Stanbic Profits In Zimbabwe As Banking Confidence Returns

Stanbic Bank

VENTURES AFRICA – An aggressive lending approach helped Stanbic Bank in Zimbabwe nearly double its after tax profit for the first six months of this year, with confidence in the banking sector improving.

Stanbic, a unit of South Africa’s Standard Bank Group, saw its profit hit $6.5 million, spurred by a strong growth in incomes.

This owes much to the banks aggressive lending approach, with the bank increasing loans from $153 million to $199 million at a time when other banks had been cautious. Though operating expenses increased by 21 percent to $21.5 million due to staff costs, total income rose $10 million to $35 million as a result of net interest income, which contributed 44 percent of the bank’s total income. Gross loans and advances to customers increased to $212 million from $161 million at the end of last year.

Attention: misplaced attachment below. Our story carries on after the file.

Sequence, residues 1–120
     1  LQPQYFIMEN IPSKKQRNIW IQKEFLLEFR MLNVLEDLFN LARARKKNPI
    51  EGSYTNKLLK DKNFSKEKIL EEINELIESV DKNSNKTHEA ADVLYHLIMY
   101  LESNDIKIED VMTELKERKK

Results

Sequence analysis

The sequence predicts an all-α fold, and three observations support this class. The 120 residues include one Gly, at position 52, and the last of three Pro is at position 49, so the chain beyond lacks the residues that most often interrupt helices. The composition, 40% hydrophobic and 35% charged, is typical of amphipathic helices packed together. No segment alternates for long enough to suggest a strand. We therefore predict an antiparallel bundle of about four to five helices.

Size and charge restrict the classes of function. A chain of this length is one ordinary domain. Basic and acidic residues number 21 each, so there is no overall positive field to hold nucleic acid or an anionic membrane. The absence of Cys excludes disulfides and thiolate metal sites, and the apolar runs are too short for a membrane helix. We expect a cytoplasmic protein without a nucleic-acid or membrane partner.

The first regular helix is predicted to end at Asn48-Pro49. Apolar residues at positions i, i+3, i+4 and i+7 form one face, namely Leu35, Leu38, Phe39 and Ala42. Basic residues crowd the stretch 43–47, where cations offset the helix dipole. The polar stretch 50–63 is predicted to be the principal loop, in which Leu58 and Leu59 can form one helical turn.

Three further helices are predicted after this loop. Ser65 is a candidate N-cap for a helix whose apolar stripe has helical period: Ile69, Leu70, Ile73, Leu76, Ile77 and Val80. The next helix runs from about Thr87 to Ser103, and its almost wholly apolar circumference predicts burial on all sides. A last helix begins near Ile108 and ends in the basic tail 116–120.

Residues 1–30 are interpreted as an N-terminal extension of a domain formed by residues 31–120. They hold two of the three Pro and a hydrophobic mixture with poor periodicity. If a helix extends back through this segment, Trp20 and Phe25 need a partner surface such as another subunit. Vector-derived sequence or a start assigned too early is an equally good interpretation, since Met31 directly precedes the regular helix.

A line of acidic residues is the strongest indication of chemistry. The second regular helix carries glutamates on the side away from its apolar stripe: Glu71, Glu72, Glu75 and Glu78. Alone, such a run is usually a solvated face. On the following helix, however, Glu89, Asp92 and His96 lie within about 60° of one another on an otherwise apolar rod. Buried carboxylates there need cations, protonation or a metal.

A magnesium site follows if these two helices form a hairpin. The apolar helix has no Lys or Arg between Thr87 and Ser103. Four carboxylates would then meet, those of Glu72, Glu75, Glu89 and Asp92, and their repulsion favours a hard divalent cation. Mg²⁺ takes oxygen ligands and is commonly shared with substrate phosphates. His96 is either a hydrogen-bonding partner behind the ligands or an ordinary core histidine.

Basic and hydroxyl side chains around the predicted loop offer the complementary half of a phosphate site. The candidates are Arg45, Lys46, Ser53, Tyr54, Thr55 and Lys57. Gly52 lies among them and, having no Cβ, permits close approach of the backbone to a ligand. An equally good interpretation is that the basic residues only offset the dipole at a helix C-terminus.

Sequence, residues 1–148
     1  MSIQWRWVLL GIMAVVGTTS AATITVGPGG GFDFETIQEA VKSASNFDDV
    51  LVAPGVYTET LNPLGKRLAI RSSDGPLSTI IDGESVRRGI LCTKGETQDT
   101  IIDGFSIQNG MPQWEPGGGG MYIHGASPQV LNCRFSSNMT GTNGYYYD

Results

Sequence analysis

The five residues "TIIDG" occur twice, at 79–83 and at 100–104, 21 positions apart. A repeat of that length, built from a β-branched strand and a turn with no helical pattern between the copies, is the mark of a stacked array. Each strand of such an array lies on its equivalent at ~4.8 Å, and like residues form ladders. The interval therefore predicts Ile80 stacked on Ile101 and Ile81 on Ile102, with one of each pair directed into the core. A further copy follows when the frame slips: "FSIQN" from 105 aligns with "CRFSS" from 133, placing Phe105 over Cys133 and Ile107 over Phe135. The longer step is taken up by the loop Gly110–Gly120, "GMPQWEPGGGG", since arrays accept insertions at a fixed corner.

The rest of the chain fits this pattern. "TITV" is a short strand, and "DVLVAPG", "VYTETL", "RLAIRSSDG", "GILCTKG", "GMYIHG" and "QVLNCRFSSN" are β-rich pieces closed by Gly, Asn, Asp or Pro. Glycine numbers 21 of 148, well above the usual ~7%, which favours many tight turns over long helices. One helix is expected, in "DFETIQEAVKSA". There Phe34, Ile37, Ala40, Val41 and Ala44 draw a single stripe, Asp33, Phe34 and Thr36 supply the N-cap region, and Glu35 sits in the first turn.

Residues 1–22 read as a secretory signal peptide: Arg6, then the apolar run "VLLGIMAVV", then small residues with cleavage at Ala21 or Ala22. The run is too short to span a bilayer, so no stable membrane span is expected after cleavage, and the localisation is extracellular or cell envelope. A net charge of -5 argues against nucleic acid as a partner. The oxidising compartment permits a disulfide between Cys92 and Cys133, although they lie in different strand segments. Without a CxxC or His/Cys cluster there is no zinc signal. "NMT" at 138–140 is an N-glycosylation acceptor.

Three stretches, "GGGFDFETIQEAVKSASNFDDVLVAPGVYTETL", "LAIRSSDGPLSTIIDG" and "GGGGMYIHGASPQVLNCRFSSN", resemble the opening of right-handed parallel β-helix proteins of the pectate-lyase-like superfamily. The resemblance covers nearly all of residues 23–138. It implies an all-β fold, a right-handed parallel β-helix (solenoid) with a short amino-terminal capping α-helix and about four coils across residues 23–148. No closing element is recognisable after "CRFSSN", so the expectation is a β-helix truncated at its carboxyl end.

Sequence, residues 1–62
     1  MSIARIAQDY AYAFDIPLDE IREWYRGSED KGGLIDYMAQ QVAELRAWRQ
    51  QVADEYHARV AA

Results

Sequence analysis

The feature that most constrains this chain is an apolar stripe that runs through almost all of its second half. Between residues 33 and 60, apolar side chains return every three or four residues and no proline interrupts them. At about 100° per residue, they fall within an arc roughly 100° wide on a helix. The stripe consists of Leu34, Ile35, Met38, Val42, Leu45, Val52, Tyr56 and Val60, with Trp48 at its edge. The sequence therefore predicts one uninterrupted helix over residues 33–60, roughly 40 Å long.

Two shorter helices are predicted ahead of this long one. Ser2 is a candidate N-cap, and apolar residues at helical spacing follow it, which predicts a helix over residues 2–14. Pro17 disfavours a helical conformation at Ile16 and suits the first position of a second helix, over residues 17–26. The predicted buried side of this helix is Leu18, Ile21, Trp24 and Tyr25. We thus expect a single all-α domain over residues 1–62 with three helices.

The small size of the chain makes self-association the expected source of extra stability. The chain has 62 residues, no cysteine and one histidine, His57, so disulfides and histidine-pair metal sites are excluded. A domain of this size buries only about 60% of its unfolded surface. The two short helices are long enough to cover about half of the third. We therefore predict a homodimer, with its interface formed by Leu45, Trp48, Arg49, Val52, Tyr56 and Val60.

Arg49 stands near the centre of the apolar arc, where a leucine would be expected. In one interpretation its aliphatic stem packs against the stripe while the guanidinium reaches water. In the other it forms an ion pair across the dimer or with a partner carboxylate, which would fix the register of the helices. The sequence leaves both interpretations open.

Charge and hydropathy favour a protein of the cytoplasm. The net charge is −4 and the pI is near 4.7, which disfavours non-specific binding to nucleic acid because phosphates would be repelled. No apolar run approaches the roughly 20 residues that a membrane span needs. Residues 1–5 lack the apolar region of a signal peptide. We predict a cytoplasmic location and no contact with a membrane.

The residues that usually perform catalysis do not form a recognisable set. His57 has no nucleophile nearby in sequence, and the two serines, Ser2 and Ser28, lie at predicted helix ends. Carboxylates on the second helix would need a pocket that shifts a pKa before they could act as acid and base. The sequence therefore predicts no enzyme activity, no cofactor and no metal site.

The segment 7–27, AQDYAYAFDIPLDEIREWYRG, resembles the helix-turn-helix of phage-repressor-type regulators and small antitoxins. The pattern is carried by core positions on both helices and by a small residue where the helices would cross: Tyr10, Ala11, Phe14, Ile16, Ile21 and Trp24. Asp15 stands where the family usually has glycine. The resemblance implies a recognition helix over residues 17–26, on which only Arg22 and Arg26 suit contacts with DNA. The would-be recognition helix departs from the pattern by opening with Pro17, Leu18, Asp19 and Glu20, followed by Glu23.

Despite the ongoing liquidity squeeze, this all came as deposits in the entire banking system rose from $3.1 billion to $4 billion between December and June, with confidence in the banking sector slowly being rebuilt. Yet lending rates have declined, according to Reserve Bank of Zimbabwe figures, to an average of 14.5 percent in May from 19.6 per cent in December.

In spite of his bank’s positive results, Stanbic chairman Sternford Moyo sounded a warning that the Zimbabwean economy still faced significant challenges even as the banking sector showed signs of recovery. He opined that price fluctuations on the commodities market, a top foreign currency earner for Zimbabwe, were likely to reduce earnings from exports.

“Given the over-reliance on the exportation of commodities for growth, the country’s growth trajectory will be negatively affected if commodity prices continue to plummet on the international market,” Moyo said. “It is imperative for stakeholders to appreciate that local liquidity is not adequate to fully fund national requirements and, therefore, redoubled efforts should be channelled towards mobilising external lines of credit and improving the country’s investment climate to unlock positive net investment into key sectors of the economy.”